HANCOCK COUNTY — An influx of inmates at the Hancock County Jail could lead the county to build a new facility.
A change in state law that started Jan. 1 sends offenders sentenced to serve time for misdemeanors and Level 6 felonies — the lowest classification — to local jails as opposed to state prisons. The new standard also applies to anyone whose sentence is a year or less.
Since the procedure changed, population at the county jail has swelled significantly. On Thursday, 191 inmates were booked into the jail, which is designed to accommodate 158, said Lt. Keith Oliver, the jail’s deputy commander who helps oversee operations at the facility.
That increase adds stress for jail guards, who have to keep watch over a higher number of inmates than usual, Oliver said.
To decide what remedies might provide a solution for the crowded facility, the Hancock County Commissioners recently hired a construction consulting firm to conduct a study analyzing how large of an increase to expect.
The study, which is being completed by RQAW Corp., an Indianapolis-based company, will be exhaustive, measuring regional crime trends, court records and population data, said Roger Stephens, client services manager for the firm.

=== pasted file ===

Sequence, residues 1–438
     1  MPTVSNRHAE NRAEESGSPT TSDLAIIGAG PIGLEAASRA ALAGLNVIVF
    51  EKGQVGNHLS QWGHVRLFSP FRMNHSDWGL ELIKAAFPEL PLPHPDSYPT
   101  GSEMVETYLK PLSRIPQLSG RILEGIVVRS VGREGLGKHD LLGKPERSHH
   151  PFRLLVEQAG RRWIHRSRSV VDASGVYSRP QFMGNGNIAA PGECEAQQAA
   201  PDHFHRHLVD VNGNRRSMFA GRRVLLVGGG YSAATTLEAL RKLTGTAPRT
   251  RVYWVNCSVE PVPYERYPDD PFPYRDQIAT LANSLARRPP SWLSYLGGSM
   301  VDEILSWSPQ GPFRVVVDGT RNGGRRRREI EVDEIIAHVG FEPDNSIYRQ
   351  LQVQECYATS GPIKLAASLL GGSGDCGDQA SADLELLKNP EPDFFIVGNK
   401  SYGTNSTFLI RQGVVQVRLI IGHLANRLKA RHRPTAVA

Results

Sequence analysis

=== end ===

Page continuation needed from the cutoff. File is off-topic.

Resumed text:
It’s expected to cost the county about $8,000 and will take about four months to complete. During that time, individuals from RQAW will meet with local officials, including the commissioners, sheriff and representatives from the jail and prosecutor’s office, to determine the needs of all departments and offer solutions for county officials to consider.
That data will give the firm a picture of what type of offenders the county is seeing the most of and what actions could be made to accommodate the growth.
Commissioner Brad Armstrong said a likely outcome is that the county will have to consider building a new facility. The current jail, 123 E. Main St., Greenfield, opened in April 1988.
County officials won’t know how soon that might happen until the study is complete, Armstrong said.
If the data shows there are inmates in the jail who might be eligible for work-release programs, which is administered through Hancock County Community Corrections, a separate facility attached to the jail that houses about 116 primarily nonviolent offenders, the county might choose to focus on that building instead, Armstrong said.
RQAW completed a similar analysis of the county jail in 2010, but the data from that report is now outdated, Armstrong said. The company will use that study as a framework for the updated version, he said.